on which the Western Church will be sustained. What is most important,
in my opinion, is to look at the "essence," to use an expression of
Romano Guardini. It is necessary to avoid elaborating fantastic
pre-constructions of something that could manifest itself very
differently and that we cannot prefabricate in the meanderings of our
brain, but to concentrate on the essential, which later might find new
ways of incarnating itself. A process of simplification is important,
which will enable us to distinguish between what is the master beam of
our doctrine, of our faith, what is of perennial value in it. It is
important to propose again the great underlying constants in their
fundamental components, the questions on God, salvation, hope, life,
especially what has a basic ethical value. (On the Future of Christianity - Cardinal Ratzinger)
Jorge Mario Bergoglio is merely expressing in a more vulgar, crude and profane manner what Ratzinger/Benedict expressed in the convoluted Hegelianism of the "new theology" he learned from the likes of his most influential mentor, Father Hans Urs von Balthasar. Bergoglio is simply making the revolutionary teaching and practices of conciliarism more "accessible" to the multitudes.
This little bit of a reminder is important to keep in mind that the various "ecumenical outreaches" of Jorge Mario Bergoglio to the schismatic and heretical Orthodox are exactly the same as those of Ratzinger/Benedict. The current reigning universal public of apostasy's recent remarks to the Metropolitan Hilarion, who is the Chairman of the Department of External Affairs for the Russian Orthodox Church, are almost identical to those given in similar circumstances by his immediate predecessor, who lives but a short distance from him inside the walls of the Occupied Vatican on the West Bank of the Tiber River:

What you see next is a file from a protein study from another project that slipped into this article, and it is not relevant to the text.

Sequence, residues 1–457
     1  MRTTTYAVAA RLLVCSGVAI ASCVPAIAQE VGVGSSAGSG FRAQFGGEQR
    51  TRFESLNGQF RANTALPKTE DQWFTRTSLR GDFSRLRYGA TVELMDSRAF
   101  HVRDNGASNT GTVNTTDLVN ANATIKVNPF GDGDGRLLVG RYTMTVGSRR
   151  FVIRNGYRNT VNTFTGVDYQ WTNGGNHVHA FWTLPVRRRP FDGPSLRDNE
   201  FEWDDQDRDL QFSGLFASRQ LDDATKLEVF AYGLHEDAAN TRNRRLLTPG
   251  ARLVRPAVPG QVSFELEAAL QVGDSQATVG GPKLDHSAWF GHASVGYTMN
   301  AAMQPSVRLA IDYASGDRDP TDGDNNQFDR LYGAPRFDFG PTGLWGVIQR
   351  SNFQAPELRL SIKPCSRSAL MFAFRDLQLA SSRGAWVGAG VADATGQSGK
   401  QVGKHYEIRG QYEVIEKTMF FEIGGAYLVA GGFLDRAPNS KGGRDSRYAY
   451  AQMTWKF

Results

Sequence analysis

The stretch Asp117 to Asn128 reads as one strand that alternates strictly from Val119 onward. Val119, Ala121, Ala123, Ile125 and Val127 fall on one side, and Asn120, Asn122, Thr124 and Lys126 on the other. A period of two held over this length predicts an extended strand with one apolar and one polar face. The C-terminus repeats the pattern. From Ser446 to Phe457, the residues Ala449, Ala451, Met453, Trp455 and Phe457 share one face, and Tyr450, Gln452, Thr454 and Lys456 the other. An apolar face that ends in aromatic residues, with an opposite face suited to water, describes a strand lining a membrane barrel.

Russia’s Metropolitan Hilarion Alfeyev and Pope Francis met yesterday morning on the occasion of the presentation of the late Sergei Averintsev’s book “Word of God and word of man”. Yesterday the high representative of the Patriarchate of Moscow confirmed how quickly Orthodox faithful in Russia are picking up and interpreting the signals that are being sent out by the current Bishop of Rome. The presentation of Averintsev’s book took place at the Russian centre for science and culture in Rome.
The Patriarchate of Moscow’s “foreign affairs minister” spoke about the great Russian philosopher who died in Vienna in February 2004 and looked into ways in which ecumenical dialogue between the Catholic and Orthodox Churches could be re-tuned in the years to come.
In the post-Soviet years, the great Christian scholar Averincev had already foreseen the fatal failure of an idea of Christian unity which he defined as “political” or “ideological”. That is, unity in Christianity described by many adjectives - conservative, liberal and so on – a unity that follows world rules and tends to grow out of an opposition towards someone or something, the unity of a “religion without faith, without belief”,” Hilarion explained. The Metropolitan quoted Averintsev to stress that common paths are only possible if there is unity in “Christian Christianity”. This unity is possible when one remains faithful to the Sacraments and the dynamics of the Christians faith, despite all differences. The unity of those who see every word of the Creed as an expression of their own faith.”
This is just as valid today. Real Christian unity cannot be distorted, with unity being formed out of opposition or motivated by “ideological, pragmatic or propagandistic” elements. Eastern and Western Churches “which have their roots in Apostolic Christianity” “have the very special mission of testifying “Christian Christianity” together, “professing the truth of the Cross together.” But his joint confession will only be fruitful if we learn to see one another not as adversaries, as we did during the crusades, nor as rivals, as often happens today, but as workers who work together in the Lord’s vineyard.” When “we can learn to value the differences that distinguish our various religious traditions and stop looking for external uniformity.”
In his message, Hilarion sees the basic element of shared apostolic faith as a propelling factor of today’s and tomorrow’s ecumenical path. It is a “return to the sources” which can be developed also thanks to Pope Francis’ work. The Russian Metropolitan eloquently concluded his speech by extensively quoting two points made by the current Bishop of Rome. The first quotation was of the words pronounced by Pope Francis on the return flight from Rio after World Youth Day, referring to Dostoevskij and the Orthodox Churches: “In the Orthodox Churches, they have retained that pristine liturgy, which is so beautiful. We have lost some of the sense of adoration. The Orthodox preserved it; they praise God, they adore God, they sing, time does not matter.”